When I stopped waking up early to go fishing, I assumed my days of losing sleep just to do something fun were over. That, however, changed last Saturday. After driving to Wisconsin Rapids Friday evening, four other guys and I spent a short night in a cheap motel only to climb out of bed at 4am. We had forty minutes to brush our teeth, put on several layers of warm outdoor clothing, and rendezvous at a roadside historical marker on the outskirts of town. There we met Peggy Farrell, an environmental education professor from the University of Wisconsin-Stevens Point. Peggy had us follow her in our car, as she led us along a series of progressively rougher and narrower roads until we parked alongside a pair of gravel ruts in the middle of a large fenced grassland. Once we’d all piled out of our vehicles, she walked us in the dark to a small blind and left us in the middle of the Buena Vista State Natural Area. 

Five guys crammed into a tiny plywood box designed for no more than four. I had not met two of the men before, but all were friends of Jack, the organizer of our trip. A row of small windows stretched across one side of the blind. The blind was four feet high and too low to stand up in. There were two three-foot long benches. I was the guy seated in the middle, so half of my butt was on one bench, the other half was on the other. Both benches wobbled on the uneven ground when anyone shifted, so I was often off kilter. Still the discomfort was more than worth it. We were there to see for ourselves the mating dance of the greater prairie chicken. 

Until Jack asked whether I wanted to go to central Wisconsin to watch dancing prairie chickens, I didn’t even know Wisconsin had any prairie chickens left. There certainly isn’t much prairie any more, and most of what we do have are demonstration plots too small to support prairie-dependent wildlife. When the Great Plains still extended east of the Mississippi River, the territory that eventually became the state of Wisconsin had bison, prairie dogs, and prairie chickens. I thought all three of these grassland animals had been extirpated by overhunting and habitat destruction. Now I know that 13,000 acres of grassland in the very center of the state is a protected prairie chicken management area.  

I won’t bother to describe the strutting of male prairie chickens during their mating ritual. Any reader can easily find an online video of the prancing birds, and as much as I value the written word, this is a case where a visual image is better than a description. I will limit this blog to my experience and not go into much detail about the unique actions of the birds.

To observe the chickens, we put ourselves in the blind well before dawn. While it was still totally dark, we heard the first drones of a few birds. Then we imagined we saw dark shadows moving about fifty feet in front of us. As the night sky slowly gave way to hints of daylight, the shadows took shape, and with the first real light of day, the birds started prancing and inflating their bright yellow-orange breast sacs. Only after all of the males had appeared and each had staked out its own little piece of turf did the females start to move in. The males exaggerated their efforts with the appearance of each new female. The females, on the other hand, seemed almost indifferent to the males’ frantic actions, although most hens eventually centered on one male, and the two would then wander off into the taller grass surrounding the stomped down lek. “Lek” is a generic term for the breeding grounds of any wild animal that congregates for mating. Prairie chicken leks are also called booming grounds, so named for the constant guttural humming made by the males as they try to call in their mates. In total, we saw 24 males on this particular booming ground, about half that many females.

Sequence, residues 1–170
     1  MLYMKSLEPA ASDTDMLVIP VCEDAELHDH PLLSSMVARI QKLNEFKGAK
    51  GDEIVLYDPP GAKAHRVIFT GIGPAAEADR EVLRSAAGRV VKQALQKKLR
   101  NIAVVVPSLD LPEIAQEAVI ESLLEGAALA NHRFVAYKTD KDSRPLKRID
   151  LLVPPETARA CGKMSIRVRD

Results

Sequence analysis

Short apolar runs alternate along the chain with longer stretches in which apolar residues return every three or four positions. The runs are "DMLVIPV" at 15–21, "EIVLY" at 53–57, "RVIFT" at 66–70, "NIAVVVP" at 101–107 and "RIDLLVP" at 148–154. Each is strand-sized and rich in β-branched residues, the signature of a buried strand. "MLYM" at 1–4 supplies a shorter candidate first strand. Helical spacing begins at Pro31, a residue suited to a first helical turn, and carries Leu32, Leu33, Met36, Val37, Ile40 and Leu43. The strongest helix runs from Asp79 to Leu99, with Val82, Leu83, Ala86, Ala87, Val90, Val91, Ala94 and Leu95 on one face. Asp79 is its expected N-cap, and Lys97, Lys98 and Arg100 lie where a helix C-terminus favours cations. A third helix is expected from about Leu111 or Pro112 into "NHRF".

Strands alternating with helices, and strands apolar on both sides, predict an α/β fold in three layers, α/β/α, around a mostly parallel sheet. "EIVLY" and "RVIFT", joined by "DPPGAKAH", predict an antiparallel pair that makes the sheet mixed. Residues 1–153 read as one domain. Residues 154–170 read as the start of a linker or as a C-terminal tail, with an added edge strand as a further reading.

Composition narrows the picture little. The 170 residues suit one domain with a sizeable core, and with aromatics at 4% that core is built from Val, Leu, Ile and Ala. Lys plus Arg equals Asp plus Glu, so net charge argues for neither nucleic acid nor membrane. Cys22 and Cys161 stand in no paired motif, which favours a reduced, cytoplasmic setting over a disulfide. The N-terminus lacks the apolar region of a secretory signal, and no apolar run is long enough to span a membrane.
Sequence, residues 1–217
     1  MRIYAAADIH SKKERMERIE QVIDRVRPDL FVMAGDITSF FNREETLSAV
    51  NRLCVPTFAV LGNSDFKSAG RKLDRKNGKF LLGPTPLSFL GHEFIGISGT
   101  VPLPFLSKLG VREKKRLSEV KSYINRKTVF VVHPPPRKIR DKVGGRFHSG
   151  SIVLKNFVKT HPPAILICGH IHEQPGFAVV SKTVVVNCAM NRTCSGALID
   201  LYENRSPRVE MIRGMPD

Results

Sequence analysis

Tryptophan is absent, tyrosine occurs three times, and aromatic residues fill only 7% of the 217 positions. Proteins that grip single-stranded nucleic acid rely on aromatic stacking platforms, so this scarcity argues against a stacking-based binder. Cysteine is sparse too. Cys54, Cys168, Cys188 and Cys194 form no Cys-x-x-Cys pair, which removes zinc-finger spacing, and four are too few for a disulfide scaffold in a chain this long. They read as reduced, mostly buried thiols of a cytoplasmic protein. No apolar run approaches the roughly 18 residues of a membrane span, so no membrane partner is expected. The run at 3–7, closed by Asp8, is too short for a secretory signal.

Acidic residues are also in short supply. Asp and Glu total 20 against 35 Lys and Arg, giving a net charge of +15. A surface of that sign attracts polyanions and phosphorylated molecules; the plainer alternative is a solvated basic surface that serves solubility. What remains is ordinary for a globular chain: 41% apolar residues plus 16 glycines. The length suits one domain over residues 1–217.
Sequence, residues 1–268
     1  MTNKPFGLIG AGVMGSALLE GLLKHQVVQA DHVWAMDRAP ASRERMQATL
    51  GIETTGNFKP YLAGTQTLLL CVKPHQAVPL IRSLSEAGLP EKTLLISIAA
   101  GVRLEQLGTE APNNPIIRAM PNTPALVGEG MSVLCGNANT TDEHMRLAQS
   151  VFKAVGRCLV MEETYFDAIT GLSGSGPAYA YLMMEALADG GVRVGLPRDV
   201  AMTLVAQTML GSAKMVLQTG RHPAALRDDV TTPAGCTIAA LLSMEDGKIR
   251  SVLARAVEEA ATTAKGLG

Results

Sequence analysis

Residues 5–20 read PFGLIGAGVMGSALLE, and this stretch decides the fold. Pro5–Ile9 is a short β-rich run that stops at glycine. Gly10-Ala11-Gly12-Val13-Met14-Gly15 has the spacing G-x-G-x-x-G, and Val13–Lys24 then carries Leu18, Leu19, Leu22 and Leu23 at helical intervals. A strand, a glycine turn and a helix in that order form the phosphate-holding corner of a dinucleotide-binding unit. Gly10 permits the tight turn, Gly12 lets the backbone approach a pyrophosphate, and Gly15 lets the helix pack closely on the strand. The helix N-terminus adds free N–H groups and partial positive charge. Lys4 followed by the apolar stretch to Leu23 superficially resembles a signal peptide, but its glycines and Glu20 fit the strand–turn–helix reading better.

As remarkable as the sight was, the five of us had seen enough by about 8am. Our butts were sore, and our backs ached. I, although I may have been the only one, was also feeling claustrophobic. We, however, could not leave the blind, as a condition for its use is to stay hidden until the very last female has chosen a mate and moved out of sight. By 7:30am, only one hen was left on the booming grounds, but she was content to wander about for another hour as the few remaining males took their last shots at attracting her. In the middle of a once-in-a-lifetime experience, I wanted it to be over so I could step outside to pee.

Over the course of the winter I spent most of my waking hours in the house, so I sometimes struggled with topics for my blog. Finally I have something exciting to write about. Like the return of Canada geese to my local marsh and crocuses pushing through the last of the April snow, my return to nature is a sure sign of spring. 

Steven Simpson